Leading Authorities announced on February 14, 2001, that Stuart Eizenstat, Deputy Secretary of the Treasury in the Clinton Administration and former Ambassador to the European Union, has joined the firm as a partner. Mr. Eizenstat heads the firm’s international practice. His work at Covington focuses on international business transactions and regulations and on resolving international trade problems.
He has held a number of key positions during his decade and a half of government service. From 1977 to 1981 he was President Jimmy Carter’s Chief Domestic Policy Adviser and Executive Director of the White House Domestic Policy Staff. In addition to Deputy Treasury Secretary, Mr. Eizenstat has served as Under Secretary of State for Economic, Business and Agricultural Affairs and Under Secretary of Commerce for International Trade. He was Ambassador to the European Union from 1993 to 1996. He received the highest departmental awards for his service from Secretary of State Christopher, Secretary of State Albright, and Secretary of the Treasury Summers. Mr. Eizenstat also has practiced law for twenty years in Atlanta and Washington.
During the Clinton Administration, he had a prominent role in the development of key international initiatives, including the negotiation of the Transatlantic Agenda with the European Union (establishing the framework for the United States’ relationship with the EU); the development of the Transatlantic Business Dialogue among European and U.S. CEOs; the negotiation of agreements with the European Union regarding the Helms-Burton Act and the Iran-Libya Sanctions Act; the negotiation of the Japan Port Agreement; and the negotiation of the Kyoto Protocol on global warming. He acted as the Administration’s lead official in anti-money laundering initiatives.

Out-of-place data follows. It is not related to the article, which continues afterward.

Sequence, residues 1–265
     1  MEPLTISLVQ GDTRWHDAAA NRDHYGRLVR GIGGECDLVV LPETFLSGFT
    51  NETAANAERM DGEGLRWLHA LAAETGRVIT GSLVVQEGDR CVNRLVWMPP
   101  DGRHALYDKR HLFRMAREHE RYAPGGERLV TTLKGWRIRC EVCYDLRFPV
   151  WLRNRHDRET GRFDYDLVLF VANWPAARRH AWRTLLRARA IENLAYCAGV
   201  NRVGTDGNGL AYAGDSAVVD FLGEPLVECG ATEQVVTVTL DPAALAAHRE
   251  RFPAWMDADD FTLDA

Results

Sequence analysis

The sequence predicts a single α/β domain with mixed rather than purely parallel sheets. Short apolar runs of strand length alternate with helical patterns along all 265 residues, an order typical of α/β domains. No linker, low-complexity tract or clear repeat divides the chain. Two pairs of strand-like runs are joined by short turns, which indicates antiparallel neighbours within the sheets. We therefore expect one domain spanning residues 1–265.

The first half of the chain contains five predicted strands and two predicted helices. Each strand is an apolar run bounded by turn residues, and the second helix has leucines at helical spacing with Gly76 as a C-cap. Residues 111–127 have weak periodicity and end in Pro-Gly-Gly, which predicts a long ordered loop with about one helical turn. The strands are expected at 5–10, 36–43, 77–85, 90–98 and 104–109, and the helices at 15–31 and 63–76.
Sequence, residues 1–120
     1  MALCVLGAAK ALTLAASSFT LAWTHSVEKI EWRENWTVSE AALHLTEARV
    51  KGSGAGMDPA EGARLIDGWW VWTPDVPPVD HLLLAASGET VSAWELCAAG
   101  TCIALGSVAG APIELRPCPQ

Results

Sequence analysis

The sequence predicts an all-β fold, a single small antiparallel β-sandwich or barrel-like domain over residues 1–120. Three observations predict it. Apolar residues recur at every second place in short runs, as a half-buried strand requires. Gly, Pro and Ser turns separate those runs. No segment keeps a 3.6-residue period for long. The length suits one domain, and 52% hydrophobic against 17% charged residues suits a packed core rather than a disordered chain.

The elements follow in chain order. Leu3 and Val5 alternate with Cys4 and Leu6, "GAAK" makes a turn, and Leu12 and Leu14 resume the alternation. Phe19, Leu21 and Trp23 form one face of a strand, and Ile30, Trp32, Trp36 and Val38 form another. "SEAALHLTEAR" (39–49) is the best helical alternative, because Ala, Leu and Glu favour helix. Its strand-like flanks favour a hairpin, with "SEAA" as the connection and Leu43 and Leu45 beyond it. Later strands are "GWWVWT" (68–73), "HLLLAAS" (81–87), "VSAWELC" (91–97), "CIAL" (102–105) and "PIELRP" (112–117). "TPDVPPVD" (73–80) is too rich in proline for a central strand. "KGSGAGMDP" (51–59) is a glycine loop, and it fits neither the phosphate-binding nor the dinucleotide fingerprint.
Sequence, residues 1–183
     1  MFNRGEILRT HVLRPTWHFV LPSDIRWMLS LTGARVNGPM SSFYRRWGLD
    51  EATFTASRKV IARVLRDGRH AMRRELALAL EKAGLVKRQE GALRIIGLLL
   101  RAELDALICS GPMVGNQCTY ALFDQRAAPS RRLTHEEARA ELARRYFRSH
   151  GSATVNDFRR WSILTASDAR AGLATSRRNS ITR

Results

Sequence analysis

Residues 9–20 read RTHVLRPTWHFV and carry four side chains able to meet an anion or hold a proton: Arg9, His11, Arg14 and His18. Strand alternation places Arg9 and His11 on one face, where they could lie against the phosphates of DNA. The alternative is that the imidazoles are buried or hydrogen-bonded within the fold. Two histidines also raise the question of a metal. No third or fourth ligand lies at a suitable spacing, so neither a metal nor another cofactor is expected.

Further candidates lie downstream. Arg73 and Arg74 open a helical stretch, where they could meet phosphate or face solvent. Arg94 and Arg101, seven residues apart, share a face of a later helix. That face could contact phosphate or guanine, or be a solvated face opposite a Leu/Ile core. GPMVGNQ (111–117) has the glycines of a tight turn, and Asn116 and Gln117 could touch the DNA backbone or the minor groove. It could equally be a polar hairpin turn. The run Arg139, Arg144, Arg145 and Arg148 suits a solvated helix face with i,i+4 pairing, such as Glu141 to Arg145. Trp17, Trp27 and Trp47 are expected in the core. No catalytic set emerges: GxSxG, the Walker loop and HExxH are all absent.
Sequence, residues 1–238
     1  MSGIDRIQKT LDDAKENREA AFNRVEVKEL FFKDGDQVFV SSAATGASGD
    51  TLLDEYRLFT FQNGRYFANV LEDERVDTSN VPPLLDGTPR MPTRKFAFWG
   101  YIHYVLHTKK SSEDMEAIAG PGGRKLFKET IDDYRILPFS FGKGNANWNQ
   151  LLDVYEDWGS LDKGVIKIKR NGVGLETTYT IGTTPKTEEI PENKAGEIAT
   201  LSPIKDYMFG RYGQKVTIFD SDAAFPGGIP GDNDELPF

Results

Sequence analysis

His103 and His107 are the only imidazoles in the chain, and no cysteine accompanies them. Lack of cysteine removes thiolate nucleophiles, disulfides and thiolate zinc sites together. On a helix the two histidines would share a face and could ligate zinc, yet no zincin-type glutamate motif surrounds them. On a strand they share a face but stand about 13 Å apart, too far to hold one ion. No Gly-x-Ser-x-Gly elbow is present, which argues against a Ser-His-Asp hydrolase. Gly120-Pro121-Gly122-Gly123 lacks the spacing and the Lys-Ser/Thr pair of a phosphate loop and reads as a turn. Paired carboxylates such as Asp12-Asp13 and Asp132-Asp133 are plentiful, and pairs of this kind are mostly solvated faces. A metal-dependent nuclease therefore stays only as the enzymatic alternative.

Mr. Eizenstat also was the Administration’s leader on Holocaust-era issues as Special Representative of the President and Secretary of State, and successfully helped negotiate major agreements with the Swiss, Germans, Austrians, and French. The renewal of interest in World War II-era issues owes much to his efforts.
He received his J.D. from Harvard University in 1967. He served as a law clerk for the Honorable Newell Edenfield of the U.S. District Court for the Northern District of Georgia. Prior to entering law school, he earned an A.B., cum laude and Phi Beta Kappa, in political science from the University of North Carolina at Chapel Hill.